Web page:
Glorious vocals and gorgeous arrangements but not enough hits from Natalie Merchant

Photos by Andy Argyrakis

For a tour entitled “3 Decades Of Song” supporting “The Natalie Merchant Collection” (a brand new ten-disc box set), one would expect its namesake to not only dig into her treasure trove of overlooked cuts and rarities, but also address at least a significant chunk of her many hits. Though she amply checked the boxes of the former two categories, Merchant was somewhat stingy on the familiar, which between an acclaimed solo career and 10,000 Maniacs before that, sure did add up to a sizeable body of work.

The second half picked up steam with a rhythmically re-imagined “Carnival” (enhanced by Merchant’s charming dance steps and twirls), alongside the enormous “Wonder,” yet those were two of just four cuts from 1995’s five-times platinum “Tigerlily” debut.

Granted, Merchant’s never been particularly nostalgic nor does she seem even remotely concerned with commercial expectations, as evidenced in a time not all that long ago when she came to the Chicago Theatre armed with a batch of nursery rhymes (or the folk songs that came before those). This time through the same hallowed hall, the attendance was noticeably improved, but the trend continued of the poetic singer/songwriter marching to her own muse rather than the radio dial.

Then again, Merchant has an extremely dedicated listener pool who’ve stuck with her since the very beginning and they mostly appeared pleased with a first half spent flying somewhat under the radar, including stunning renditions of “Lulu,” “Ophelia,” the group’s “Gold Rush Brides,” “Break Your Heart” and “Life Is Sweet,” followed by an informational plea to end fracking once and for all from a fella with the Food & Water Action Fund. After all, the 53-year-old artist’s voice was downright flawless regardless of each track’s general recognition level, while her four-piece band and string quartet were both equally flawless.

The second half picked up steam with a rhythmically re-imagined “Carnival” (enhanced by Merchant’s charming dance steps and twirls), alongside the enormous “Wonder,” yet those were two of just four cuts from 1995’s five-times platinum “Tigerlily” debut (which was also re-recorded with fresh arrangements in 2015). And it wound up being “Hey Jack Kerouac,” one of just five Maniacs moments in the more than two-dozen song set, that coaxed everyone to their feet and truly tore the house down, though it would take nearly an hour for that jubilant mood to return.

Instead, Merchant turned back to the mellow, evoking beauty and tenderness throughout “Motherland,” the brand new “Butterfly” and many others, while also inviting a few female fans on stage to clumsily accompany her on a botched rendition of “Ladybird.” Yet as attendees shouted requests such as “Candy Everybody Wants,” the star quipped “we learned 40 songs for this tour and you might just have to be satisfied.”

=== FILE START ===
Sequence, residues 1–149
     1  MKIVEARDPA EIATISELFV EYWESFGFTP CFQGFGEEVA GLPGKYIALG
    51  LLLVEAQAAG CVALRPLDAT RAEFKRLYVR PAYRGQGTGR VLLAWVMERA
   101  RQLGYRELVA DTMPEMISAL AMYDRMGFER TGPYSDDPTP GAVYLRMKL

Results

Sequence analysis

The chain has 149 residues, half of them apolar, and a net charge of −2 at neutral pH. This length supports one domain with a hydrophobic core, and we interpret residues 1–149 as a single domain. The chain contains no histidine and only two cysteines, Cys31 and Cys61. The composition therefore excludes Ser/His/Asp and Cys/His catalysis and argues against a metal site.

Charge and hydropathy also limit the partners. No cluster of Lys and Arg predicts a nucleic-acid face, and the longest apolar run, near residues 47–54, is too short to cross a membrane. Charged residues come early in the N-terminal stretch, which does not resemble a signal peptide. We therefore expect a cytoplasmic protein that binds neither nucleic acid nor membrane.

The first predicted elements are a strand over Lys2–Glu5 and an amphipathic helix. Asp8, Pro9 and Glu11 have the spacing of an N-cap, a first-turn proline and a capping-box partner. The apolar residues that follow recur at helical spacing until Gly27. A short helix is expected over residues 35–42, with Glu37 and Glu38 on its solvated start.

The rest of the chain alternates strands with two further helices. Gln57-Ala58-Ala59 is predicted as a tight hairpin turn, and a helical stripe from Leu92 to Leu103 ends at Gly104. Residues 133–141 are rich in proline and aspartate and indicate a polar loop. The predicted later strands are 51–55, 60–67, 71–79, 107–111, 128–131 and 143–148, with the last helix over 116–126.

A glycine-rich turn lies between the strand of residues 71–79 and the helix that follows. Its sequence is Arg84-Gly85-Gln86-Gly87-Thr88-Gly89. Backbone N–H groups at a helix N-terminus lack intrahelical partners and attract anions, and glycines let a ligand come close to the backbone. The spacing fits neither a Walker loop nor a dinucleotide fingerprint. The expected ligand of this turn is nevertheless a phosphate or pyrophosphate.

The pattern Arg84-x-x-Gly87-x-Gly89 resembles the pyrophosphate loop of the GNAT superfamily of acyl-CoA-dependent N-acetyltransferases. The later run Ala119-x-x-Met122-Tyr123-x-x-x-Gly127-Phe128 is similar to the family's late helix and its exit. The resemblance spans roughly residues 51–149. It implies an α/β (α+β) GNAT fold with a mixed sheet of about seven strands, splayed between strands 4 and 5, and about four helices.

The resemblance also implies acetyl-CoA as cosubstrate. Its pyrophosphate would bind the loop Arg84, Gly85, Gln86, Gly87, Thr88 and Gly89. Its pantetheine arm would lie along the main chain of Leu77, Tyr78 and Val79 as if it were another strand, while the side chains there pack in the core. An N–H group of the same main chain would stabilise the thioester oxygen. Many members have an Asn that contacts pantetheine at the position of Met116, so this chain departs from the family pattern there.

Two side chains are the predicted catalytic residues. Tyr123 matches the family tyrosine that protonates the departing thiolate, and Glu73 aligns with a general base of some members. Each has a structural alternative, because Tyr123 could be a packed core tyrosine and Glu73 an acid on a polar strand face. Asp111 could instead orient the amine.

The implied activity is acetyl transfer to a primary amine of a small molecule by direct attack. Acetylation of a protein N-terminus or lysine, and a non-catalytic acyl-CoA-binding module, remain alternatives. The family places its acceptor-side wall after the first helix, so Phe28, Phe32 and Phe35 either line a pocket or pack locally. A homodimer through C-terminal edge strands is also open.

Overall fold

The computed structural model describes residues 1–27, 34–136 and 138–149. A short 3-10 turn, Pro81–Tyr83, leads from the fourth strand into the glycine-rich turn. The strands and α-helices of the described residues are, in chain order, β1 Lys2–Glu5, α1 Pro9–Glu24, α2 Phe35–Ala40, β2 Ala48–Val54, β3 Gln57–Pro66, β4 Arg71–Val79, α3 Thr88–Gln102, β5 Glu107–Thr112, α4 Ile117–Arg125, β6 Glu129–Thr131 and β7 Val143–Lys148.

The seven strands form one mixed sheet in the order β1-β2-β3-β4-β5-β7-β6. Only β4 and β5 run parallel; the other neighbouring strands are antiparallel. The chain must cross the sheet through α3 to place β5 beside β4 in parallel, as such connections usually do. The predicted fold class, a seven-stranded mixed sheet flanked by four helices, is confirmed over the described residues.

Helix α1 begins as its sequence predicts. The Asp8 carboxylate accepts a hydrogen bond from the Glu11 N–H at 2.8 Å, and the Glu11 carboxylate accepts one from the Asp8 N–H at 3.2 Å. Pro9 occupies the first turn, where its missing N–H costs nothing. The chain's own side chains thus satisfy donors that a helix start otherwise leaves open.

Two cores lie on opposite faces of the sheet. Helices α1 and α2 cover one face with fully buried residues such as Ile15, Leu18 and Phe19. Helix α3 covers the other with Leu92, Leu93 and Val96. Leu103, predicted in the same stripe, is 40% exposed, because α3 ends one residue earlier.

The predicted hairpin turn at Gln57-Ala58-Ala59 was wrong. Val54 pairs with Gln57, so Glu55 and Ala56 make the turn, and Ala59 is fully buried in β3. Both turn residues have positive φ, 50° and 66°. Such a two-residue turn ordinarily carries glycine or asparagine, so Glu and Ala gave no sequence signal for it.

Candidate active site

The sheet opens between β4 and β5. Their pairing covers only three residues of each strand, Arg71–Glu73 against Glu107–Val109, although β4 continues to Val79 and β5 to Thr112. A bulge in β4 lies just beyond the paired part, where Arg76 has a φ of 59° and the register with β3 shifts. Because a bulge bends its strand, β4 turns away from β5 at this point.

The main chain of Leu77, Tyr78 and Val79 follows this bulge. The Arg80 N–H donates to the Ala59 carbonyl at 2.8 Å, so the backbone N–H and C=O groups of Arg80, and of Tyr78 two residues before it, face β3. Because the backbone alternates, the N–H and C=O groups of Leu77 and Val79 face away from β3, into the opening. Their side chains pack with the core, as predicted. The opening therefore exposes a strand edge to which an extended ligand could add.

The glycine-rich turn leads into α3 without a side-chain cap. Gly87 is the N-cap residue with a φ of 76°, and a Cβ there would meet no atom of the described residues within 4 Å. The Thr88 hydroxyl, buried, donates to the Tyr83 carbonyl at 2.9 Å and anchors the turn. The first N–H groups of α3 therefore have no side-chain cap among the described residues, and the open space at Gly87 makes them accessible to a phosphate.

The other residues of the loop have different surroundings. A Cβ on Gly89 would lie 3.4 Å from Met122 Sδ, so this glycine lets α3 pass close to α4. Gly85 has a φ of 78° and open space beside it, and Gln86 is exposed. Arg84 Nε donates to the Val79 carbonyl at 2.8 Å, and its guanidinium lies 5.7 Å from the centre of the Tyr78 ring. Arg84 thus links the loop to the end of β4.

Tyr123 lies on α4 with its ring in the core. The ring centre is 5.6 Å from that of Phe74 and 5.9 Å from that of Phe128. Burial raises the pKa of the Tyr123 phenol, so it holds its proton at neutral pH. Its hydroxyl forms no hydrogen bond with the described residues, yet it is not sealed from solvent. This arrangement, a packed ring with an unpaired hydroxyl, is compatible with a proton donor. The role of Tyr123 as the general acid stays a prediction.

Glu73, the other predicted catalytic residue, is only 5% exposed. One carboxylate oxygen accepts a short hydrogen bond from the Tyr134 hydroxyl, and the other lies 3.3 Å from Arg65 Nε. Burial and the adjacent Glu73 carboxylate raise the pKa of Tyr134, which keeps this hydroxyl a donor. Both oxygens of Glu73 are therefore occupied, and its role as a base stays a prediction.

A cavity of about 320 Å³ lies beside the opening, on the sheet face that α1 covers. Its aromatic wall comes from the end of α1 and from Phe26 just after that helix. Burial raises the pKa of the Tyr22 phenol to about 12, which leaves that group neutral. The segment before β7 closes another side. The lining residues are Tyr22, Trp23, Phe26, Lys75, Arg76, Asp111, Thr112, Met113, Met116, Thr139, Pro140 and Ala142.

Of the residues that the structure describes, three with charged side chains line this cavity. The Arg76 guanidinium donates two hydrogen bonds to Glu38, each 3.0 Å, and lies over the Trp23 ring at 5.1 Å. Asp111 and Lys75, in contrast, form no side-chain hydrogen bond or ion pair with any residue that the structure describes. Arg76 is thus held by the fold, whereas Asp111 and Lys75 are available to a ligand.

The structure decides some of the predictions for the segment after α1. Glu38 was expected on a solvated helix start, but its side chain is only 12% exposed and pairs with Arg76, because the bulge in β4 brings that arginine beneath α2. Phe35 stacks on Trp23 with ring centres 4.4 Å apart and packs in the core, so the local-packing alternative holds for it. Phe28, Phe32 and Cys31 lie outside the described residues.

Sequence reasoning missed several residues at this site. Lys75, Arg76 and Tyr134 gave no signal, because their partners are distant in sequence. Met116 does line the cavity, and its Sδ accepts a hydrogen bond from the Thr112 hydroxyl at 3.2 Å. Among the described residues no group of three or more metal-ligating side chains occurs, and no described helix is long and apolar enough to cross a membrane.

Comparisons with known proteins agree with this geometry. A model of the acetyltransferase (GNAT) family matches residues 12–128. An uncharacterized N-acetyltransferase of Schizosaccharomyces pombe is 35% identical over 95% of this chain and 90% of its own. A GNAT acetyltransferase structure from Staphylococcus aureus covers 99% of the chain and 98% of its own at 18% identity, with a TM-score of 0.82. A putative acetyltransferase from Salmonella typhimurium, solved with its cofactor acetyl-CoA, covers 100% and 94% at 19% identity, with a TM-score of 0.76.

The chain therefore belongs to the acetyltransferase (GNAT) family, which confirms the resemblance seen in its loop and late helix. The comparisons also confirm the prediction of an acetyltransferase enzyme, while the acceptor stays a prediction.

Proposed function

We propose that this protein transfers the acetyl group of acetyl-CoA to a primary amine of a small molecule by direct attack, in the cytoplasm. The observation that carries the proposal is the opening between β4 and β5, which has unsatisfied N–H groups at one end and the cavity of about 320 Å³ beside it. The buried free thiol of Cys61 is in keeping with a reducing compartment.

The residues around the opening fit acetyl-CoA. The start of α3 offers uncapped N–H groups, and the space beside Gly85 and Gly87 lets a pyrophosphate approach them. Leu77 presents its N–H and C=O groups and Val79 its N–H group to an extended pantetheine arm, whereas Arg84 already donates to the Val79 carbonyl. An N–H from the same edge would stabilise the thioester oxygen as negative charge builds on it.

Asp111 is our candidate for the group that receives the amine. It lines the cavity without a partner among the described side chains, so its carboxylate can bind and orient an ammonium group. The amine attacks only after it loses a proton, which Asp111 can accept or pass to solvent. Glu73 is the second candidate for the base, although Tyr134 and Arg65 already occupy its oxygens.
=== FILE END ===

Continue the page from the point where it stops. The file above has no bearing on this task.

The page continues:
She may not have given everyone exactly what they desired (including the sizeable individual selection “Jealousy,” 10,000 Maniacs’ “Trouble Me” or the smash Patti Smith cover “Because The Night”), but at least her previous band’s “These Are Days” did spark another blissful reaction. It’s just too bad the mood was temporarily halted by Merchant’s scolding an audience member that their videotaping was inhibiting her freedom to simply be herself, although to her defense, repeated warnings were posted and announced prior to the performance.

The evening also had its fair share of Merchant’s political and social commentaries, plus an off-hand comment that many young people she meets say they saw her as their first ever concert. She added it will be a lot less embarrassing than admitting Justin Bieber was their first show someday (so true) and that they could be proud of having seen Merchant before she died just like older folks these days might boast of having caught Ella Fitzgerald.

As immensely talented as Merchant is, “The First Lady Of Song” she is not, but after two-and-half-hours, the sublime finale “Kind And Generous” definitely lived up to its moniker as far as length is concerned. Now if only this retrospective could’ve found a better balance between the material that actually made this veteran famous in the first place and what she prefers to perform these days, “3 Decades Of Song” could’ve been a perfect title too.

For additional information on Natalie Merchant, visit

For a list of upcoming Live Nation shows, visit

Upcoming concert highlights at The Chicago Theatre include “The Art Of Rap” Tour (Jul. 22); Bring It! Live (Jul. 28); Lyle Lovett And His Large Band (Jul. 29); Mary J. Blige (Jul. 30); Alphaville (Aug. 6); Van Jones (Aug. 8); Idina Menzel (Aug. 12); Belle And Sebastian (Aug. 16); Jethro Tull by Ian Anderson (Aug. 19) and 2 Chainz (Aug. 26). For additional details, visit